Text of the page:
iTunes Could Be Apples Trojan Horse in the Home Audio-Video Market

Oyster Bay, NY (August 1, 2006)--According to ABI Research, Apple's iTunes service has the potential to outstrip its formidable iPod business and may allow it to enter the home audio and video markets ahead of its competitors.
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Oyster Bay, NY (August 1, 2006)--According to ABI Research, Apple's iTunes service has the potential to outstrip its formidable iPod business and may allow it to enter the home audio and video markets ahead of its competitors.

Apple released its latest earnings statements last week, and surprised the markets with the continuing depth of its iPod penetration, which exceeded most analysts' expectations. Sales of iPod accessories, both from Apple and from third parties such as Bose and JVC, are booming as well, including high-quality home "docking station" systems.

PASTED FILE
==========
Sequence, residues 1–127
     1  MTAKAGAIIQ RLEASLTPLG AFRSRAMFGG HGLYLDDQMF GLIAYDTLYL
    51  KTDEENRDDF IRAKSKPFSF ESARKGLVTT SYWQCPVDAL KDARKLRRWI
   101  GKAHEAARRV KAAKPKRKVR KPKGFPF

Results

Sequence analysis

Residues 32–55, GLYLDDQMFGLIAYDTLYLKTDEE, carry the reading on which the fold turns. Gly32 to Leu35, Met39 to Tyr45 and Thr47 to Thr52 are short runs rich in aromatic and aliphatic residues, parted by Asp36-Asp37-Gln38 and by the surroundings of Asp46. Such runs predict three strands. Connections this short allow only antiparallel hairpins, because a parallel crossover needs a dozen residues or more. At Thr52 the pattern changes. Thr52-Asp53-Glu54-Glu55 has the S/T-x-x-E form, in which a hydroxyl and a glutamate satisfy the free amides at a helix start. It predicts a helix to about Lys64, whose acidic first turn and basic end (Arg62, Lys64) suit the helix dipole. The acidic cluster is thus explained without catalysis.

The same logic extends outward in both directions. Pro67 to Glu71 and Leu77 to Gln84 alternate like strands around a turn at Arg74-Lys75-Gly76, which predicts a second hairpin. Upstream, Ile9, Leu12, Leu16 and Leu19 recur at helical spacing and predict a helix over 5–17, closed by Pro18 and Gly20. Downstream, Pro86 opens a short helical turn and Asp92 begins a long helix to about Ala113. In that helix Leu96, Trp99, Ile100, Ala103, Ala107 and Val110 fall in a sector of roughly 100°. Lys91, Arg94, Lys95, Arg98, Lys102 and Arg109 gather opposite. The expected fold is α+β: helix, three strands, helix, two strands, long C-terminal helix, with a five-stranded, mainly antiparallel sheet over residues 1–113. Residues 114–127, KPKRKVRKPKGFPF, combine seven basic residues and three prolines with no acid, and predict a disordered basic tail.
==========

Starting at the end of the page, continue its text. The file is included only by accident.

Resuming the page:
Research director Vamsi Sistla said, "The battle for portable devices has already been won by iPod (unless Microsoft's strategy for its Zune platform succeeds) but in the home and mobile markets, the prize is still up for grabs. iTunes could be a 'Trojan Horse' through which Apple can enter the home market sooner than the competition."

The key to this opportunity is consumers' growing interest in digital media connectivity in the home. "I think we will soon see more line-powered consumer audio devices-high-end audio devices with AV receivers, and multi-room audio systems-adding support for iTunes to their current support for iPod," Sistla suggested.

With over a billion files downloaded from iTunes so far, computers all over the world are brimming with music, speech and video, often organized by iTunes client software into playlists and catalogues. Leveraging all that content, which users have already paid for and want to hear on a good home audio system or watch on a digital-ready TV, creates a huge opening for consumer electronics vendors.

That could happen through a standard personal computer. Or, it could be implemented through a dedicated "media center" PC. Apple offers this already with the combination of its Mac Mini (now Intel-based) and Front Row networking software; and now, Sistla affirms, "The field is wide open for PC manufacturers and other vendors of home CE systems to capitalize on what should be a large and dynamic market."

ABI Research
www.abiresearch.com